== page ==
Assembly issues continue to slow delivery of the Boeing 787 Dreamliner, which is now almost three years behind schedule. Workers at Italian subcontractor Alenia apparently incorrectly installed fasteners where the horizontal stabilizer attaches to the fuselage on some aircraft. Boeing employees in Seattle are now correcting the problem.
“This is not a design issue or a flight-test finding,” says Scott Fancher, vice president and general manager of the 787 program. “This is a straightforward workmanship issue with the installation of a couple of shims and some associated fasteners.”
One wonders if it really was worth outsourcing all the fabrication for this project. Is the Italian subcontractor being backcharged for the repair work? How many more defects will be allowed from a subcontractor before finding a new source for that particular assembly?
Why would the biggest connector company in the world design and build the first fully functional 3D-printed motorcycle? To show TE Connectivity's engineers what the technology can really do in making working load-bearing production parts, and free up their thinking when approaching design problems.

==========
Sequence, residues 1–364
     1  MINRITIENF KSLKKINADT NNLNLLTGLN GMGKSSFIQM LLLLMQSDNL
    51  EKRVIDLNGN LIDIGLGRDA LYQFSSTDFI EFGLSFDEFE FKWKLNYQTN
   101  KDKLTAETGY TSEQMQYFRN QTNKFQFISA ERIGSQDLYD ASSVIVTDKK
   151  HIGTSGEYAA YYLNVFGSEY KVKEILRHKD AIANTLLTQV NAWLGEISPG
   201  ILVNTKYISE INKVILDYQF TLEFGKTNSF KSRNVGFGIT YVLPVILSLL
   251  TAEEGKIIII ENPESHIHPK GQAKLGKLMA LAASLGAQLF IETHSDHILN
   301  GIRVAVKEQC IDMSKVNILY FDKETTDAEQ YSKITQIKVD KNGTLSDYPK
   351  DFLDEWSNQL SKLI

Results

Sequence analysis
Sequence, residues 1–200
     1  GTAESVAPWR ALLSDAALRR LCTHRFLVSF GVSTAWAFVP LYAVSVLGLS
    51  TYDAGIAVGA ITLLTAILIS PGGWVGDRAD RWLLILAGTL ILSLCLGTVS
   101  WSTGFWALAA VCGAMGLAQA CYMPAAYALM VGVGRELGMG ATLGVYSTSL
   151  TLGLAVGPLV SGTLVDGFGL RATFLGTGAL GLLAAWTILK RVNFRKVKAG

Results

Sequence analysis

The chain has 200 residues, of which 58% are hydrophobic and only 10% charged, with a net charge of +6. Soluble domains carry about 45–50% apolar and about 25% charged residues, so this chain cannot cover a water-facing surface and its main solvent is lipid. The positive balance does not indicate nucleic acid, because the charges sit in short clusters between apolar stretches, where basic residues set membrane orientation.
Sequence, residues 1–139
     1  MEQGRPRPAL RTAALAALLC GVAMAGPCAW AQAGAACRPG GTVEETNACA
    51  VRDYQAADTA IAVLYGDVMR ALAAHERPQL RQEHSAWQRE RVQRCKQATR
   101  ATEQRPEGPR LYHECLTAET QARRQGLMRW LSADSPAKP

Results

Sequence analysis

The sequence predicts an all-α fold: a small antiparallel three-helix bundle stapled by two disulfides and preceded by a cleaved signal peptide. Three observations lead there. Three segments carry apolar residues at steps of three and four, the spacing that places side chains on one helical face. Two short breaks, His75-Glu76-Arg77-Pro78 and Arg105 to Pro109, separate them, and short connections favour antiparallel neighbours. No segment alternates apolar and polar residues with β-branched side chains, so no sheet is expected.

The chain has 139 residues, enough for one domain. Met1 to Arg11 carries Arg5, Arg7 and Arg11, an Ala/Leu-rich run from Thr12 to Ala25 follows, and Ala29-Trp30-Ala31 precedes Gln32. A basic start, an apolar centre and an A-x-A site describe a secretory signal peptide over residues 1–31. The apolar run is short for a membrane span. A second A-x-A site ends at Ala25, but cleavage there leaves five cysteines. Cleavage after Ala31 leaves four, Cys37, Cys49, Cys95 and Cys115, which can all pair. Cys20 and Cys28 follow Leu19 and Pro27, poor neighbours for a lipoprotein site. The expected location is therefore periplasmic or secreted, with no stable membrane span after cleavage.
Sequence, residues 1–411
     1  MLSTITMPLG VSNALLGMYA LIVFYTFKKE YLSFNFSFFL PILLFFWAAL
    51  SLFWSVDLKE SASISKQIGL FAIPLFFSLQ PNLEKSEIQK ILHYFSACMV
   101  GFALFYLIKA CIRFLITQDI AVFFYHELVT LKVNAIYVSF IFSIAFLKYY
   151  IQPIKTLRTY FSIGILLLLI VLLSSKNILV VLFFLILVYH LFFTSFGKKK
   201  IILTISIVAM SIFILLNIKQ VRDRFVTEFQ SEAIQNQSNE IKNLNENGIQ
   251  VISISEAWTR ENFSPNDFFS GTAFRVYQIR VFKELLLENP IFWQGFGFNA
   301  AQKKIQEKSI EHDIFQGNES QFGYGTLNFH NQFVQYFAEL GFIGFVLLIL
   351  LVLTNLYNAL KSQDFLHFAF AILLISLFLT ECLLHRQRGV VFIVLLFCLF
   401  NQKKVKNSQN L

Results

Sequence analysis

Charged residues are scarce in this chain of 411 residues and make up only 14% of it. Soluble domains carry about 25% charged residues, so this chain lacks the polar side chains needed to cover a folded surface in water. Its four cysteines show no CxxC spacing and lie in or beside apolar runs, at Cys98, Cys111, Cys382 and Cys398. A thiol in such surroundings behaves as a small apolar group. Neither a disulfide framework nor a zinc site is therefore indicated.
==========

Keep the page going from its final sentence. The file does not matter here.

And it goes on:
In his keynote address at the RAPID 2015 conference last week, Made In Space CTO Jason Dunn gave an update on how far his company and co-development partner NASA have come in their quest to bring 3D printing to the space station -- and beyond.
A composite based on a high-performance PEEK-like resin we told you about two years ago when it was still in R&D has now been licensed by the US Naval Research Laboratory (NRL) for commercial manufacturing.
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